You don't have to be worried about the nonstick Teflon on your pots and pans causing harm, but a new study from Canada suggests that similar fluoropolymers breaking down under extremely high temperatures could be contributing to environmental problems.
The study, published in the July 19 issue of Nature magazine, found for the first time significant releases of trifluoroacetic acid from fluoropolymers, said Scott Mabury, an associate professor of environmental chemistry at the University of Toronto. TFA can be mildly toxic to plants.
The study also said other chemicals, including those that contribute to global warming, are released from heating fluoropolymers. But how much risk, if any, that poses to people is unclear.
Wilmington, Del.-based DuPont said that the study used heat as high as 932° F, well above cooking temperature, and said it knows of no health problems from nonstick cookware.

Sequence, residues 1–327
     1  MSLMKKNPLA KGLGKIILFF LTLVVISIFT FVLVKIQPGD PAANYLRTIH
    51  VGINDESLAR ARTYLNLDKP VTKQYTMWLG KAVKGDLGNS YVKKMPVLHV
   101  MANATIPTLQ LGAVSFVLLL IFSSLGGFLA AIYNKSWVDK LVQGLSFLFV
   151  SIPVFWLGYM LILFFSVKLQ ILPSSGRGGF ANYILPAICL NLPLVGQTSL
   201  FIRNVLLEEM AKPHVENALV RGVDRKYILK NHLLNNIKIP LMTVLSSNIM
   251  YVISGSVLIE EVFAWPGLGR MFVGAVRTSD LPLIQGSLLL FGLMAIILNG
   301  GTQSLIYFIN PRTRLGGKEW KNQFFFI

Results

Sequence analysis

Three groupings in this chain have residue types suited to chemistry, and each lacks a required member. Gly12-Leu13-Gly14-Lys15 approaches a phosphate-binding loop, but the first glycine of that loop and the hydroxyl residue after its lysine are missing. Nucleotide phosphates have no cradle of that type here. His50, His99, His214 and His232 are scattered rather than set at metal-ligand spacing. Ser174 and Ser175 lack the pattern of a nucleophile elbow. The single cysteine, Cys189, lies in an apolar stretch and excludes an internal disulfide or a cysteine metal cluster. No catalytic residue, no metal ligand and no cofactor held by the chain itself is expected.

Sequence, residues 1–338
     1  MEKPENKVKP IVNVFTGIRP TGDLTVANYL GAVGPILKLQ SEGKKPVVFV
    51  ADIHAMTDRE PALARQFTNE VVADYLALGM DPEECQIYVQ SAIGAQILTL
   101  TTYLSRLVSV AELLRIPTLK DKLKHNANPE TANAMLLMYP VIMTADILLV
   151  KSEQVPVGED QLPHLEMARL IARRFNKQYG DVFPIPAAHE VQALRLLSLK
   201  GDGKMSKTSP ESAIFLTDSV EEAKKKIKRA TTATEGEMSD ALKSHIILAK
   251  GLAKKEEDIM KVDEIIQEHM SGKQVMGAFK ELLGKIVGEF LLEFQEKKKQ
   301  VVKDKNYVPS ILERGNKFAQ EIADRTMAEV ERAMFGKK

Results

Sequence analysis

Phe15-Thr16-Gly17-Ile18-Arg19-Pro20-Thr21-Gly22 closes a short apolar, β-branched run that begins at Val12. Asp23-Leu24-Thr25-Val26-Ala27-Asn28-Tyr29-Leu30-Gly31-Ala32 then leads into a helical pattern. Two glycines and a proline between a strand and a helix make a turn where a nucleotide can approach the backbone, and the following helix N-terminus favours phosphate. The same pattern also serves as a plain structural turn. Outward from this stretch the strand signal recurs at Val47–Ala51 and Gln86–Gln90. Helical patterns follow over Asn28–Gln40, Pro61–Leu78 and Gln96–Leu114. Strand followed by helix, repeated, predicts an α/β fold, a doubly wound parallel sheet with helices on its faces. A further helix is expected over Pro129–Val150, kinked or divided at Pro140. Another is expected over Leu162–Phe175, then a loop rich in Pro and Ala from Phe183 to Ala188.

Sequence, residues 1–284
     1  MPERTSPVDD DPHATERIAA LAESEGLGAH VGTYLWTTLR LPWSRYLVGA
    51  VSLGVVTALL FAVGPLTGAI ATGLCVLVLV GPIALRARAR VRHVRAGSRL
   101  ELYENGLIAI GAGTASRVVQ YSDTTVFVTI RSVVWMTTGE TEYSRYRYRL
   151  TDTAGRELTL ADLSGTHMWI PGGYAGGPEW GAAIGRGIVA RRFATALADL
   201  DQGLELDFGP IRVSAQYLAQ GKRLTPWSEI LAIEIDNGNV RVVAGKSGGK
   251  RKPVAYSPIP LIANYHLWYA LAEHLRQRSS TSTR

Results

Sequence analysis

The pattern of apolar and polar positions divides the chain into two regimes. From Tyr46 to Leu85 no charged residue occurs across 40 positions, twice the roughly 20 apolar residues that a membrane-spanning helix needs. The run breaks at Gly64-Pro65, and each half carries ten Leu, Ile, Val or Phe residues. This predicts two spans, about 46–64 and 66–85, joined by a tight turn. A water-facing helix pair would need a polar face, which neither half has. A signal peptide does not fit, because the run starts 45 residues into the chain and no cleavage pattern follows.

The study generated a lot of media coverage about the safety of nonstick coatings, but Mabury said the study did not raise those issues. Mabury said no one is at risk from cooking.
What raises concerns is that many of the chemicals released bioaccumulate and do not break down in the environment.
The study found that fluoropolymers can break down into carboxylic acids, which are similar to chemicals pulled from the market last year by St. Paul, Minn.-based 3M because they bioaccumulate and ``have been linked with possible adverse health effects,'' the study said. The researchers also said some of the chlorinated fluoropolymers break down into fluorocarbons that contribute to global warming.
The study started with an effort to find the sources of TFA in rainwater. Fluoropolymers are ``likely to be a significant source of TFA in urban rainwater,'' the study said.
DuPont said that researchers already have known that fluoropolymers break down under extreme heat.
``DuPont knows of no commercial applications for its fluoropolymer products, industrial or consumer, in which the polymer's approved end uses include subjection to the temperatures used in the University of Toronto study,'' the company said in a statement.
DuPont spokeswoman Diane Shomper said there is some inconsistency between the study and DuPont data that the company is exploring.